If an operator knows beforehand that only a measurement of a nonconductive coating on a conductive substrate is required, the operator can lock controller 90 using user interface 120 so that only coating thickness measurements using eddy current search coil 60 are made. If controller 90 is not locked by the operator, then controller 90 first determines the temperature-compensated magnetic flux density φtempcomp and tests to see whether dcoating is greater than dmax before measuring the induced eddy current effects.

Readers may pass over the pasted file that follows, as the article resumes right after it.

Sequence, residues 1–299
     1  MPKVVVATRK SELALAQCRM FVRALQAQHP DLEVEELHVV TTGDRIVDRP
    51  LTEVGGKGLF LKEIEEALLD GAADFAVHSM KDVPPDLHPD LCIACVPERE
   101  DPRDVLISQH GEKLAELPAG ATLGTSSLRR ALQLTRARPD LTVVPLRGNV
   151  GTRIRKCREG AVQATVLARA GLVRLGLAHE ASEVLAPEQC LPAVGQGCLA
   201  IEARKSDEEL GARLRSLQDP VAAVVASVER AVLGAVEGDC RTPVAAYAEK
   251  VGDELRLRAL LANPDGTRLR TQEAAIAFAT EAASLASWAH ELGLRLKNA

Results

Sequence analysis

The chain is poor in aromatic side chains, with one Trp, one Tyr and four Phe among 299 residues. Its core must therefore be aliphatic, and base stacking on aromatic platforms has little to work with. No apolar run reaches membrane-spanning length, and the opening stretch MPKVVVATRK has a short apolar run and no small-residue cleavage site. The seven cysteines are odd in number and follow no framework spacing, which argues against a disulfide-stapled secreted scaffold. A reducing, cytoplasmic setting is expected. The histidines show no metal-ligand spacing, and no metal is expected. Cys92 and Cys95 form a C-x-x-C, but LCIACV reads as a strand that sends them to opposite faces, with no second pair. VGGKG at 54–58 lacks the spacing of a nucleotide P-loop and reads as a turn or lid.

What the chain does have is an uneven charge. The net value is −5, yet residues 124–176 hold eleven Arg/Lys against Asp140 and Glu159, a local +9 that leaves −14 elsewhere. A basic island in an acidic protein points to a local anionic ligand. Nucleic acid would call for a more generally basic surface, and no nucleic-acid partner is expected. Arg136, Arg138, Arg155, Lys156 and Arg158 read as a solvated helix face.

Operationally, FIG. 7 illustrates a flow of steps taken by controller 90. Controller 90 tests to see whether the lock has been set at step 990. If the lock is ON, controller 90 goes to step 1060. If the lock is OFF, controller 90 goes to step 1000. Controller 90 energizes the Hall effect magnetic sensor 50 and the magnetic flux density φ measured by Hall effect magnetic sensor 50 is input to controller 90 at step 1000. The temperature T measured by thermistor 40 is input to controller 90 at step 1010. Controller 90 uses the input magnetic flux density φ and temperature T to determine the temperature-compensated magnetic flux density φtempcomp at step 1020. Controller 90 relates temperature-compensated magnetic flux density φtempcomp to the distance dcoating between probe tip 70 and an underlying ferrous substrate at step 1030. Preferably, controller 90 relates temperature-compensated magnetic flux density φtempcomp distance dcoating at step 1030 using the mathematical relationship ##EQU4## where kEXP is an experimentally determined constant of proportionality, and where νEXP is an experimentally determined exponent.